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Old 08-19-2010, 11:16 AM   #11
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I have some buddleia, too, which I inherited from the prior owner, and it also has butterflies but not as many.

There are many different kinds of lantana, and that may be the difference in our experience. I have "Miss Huff", which is reputed to be perennial here, despite being in zone 7b, and is orange, yellow and red; all other cultivars are annual. I also have "chapel hill", a new cultivar that is only yellow, and I haven't seen a single insect on it.

I planted a buttonbush in the spring, but it didn't bloom this year. I'm not sure if that is because it is the first year, or because it isn't getting enough sun. My property is wooded, so the best anything gets is 4-5 hrs in the afternoon and most get substantially less. Most butterfly attracters like sun, so I am seeing what will grow and what won't, and what attracts the most critters.
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Old 08-19-2010, 12:53 PM   #12
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thank you for taking the time to post this
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Old 08-19-2010, 05:38 PM   #13
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I too planted a buttonbush in the Spring that never flowered. I guess they need to maintain a certain size and age before they do. It did grow profusely, however, as it has access to constant moisture being in a large pot placed on a shelf in the pond in 4 -5" inches of water. I'm hoping for great things from it next year. Everything I read says it places near the top in pollinator attraction.

On the Lantana, I'll never grow it again. I'm going all native American and, except for the Buddlea, all aliens will be eliminated by next Spring. Just today, I finally got around to cutting out a blue-leafed hydrangea.

I'm not a purist, however. I planted a few native azaleas that are not naturally found in the Northeast - smooth azalea and flame azalea - this summer. I also planted some Prairie Liatris (Liatris pycnostachya) to see if the rage about its Monarch attracting power is true. So, though most of what I plant here is native to Massachusetts, as long as it is native to the east of the Rockies, I'll consider it. By the way, the azaleas and liatris were both purchased at the New England Wild Flower Society's plant sale and are contained in their gardens along with a wide variety of other natives not naturally found in Massachusetts.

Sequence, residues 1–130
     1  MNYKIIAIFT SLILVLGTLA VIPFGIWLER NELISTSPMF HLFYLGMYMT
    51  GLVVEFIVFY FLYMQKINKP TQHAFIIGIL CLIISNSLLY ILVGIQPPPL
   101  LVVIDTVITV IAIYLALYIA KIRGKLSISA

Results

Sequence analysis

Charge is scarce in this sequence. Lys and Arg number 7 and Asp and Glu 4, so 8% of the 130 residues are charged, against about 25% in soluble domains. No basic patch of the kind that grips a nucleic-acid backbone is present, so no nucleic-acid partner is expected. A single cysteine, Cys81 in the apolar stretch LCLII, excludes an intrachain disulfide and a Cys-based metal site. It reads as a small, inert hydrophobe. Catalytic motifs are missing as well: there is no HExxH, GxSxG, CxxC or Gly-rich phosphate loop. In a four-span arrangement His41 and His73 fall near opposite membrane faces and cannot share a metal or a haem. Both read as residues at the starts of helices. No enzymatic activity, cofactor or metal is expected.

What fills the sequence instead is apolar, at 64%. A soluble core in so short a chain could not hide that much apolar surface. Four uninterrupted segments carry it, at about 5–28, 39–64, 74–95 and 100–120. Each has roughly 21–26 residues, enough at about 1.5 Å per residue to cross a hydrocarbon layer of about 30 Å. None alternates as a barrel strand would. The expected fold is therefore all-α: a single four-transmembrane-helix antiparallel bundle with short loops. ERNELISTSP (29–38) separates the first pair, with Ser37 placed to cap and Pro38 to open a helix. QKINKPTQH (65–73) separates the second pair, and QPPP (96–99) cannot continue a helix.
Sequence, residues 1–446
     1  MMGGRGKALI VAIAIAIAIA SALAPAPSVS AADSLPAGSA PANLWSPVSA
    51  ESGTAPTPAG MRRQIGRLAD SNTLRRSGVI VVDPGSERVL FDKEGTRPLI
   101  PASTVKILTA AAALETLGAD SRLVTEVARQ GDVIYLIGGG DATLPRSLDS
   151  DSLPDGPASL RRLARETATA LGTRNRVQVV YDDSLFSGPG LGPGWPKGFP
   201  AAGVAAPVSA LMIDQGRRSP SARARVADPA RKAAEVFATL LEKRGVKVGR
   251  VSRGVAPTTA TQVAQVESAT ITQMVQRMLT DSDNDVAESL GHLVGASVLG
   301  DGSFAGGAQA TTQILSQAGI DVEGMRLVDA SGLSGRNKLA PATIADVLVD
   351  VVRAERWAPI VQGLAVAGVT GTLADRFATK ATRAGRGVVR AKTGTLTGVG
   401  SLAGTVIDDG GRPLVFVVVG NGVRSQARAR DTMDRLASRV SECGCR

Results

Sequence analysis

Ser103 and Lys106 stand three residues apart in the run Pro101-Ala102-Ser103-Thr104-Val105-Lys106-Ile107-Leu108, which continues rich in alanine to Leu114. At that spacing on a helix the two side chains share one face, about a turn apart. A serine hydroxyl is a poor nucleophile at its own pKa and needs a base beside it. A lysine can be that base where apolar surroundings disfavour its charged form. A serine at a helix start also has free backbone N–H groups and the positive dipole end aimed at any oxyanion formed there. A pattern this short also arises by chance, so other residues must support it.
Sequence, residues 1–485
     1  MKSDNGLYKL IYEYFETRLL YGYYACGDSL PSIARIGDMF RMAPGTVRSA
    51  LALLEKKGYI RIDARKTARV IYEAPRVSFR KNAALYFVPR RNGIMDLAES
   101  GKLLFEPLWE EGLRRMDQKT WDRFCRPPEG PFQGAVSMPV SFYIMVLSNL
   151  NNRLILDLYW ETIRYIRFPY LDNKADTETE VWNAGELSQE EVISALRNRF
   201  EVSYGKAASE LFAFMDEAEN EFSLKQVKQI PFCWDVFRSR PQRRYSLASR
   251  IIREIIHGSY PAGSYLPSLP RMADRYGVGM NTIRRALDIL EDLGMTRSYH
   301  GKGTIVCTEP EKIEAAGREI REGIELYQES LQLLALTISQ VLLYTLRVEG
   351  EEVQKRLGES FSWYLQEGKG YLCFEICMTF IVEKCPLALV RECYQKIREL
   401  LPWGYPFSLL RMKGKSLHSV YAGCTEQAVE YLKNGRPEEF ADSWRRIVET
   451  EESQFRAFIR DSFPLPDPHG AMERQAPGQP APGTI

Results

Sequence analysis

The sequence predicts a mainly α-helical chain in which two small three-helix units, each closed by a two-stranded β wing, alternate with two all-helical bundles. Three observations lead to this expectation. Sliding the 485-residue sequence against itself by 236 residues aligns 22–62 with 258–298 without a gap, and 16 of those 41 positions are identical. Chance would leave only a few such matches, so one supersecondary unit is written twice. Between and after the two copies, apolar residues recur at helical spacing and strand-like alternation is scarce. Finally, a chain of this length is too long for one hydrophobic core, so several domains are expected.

I also purchased an Oakleaf Hydrangea there after reading descriptions at WG of it's magnetic garden personality. It too is part of the landscape in their gardens.
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Old 08-19-2010, 06:54 PM   #14
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Some good information in the link and comments.

Does anyone here grow Agastache foeniculum/blue giant hyssop/anise hyssop?
It is grown in the Lurie garden and every year it draws so many Monarch butterflies that it is hard to see the flowers on the 5-6 ft plants that are so big it would take two people to encircle one clump. I have never seen any plant draw that many butterflies. Walking through the Lurie during bloom is like being in one of those butterfly tents.You don't need fifty of those,one or two will do.
Mine never seem to get that big having to start over every year but do self seed so there are many of them.
Purple coneflowers and Joe-pye weed are excellent nectaring plants during bloom.

I think that a lot of flowers with a good nectar source, like a honeysuckle vine, a buttonbush,some trees or a big patch of flowers, like Joe-pye after a couple of years, does tend to bring more butterflies to the garden. There are purple coneflowers all over our garden. Some patches I started myself, others have self seeded. You would be amazed at the different insects, including many different species of butterfly, those coneflowers attract. Bees are a favorite.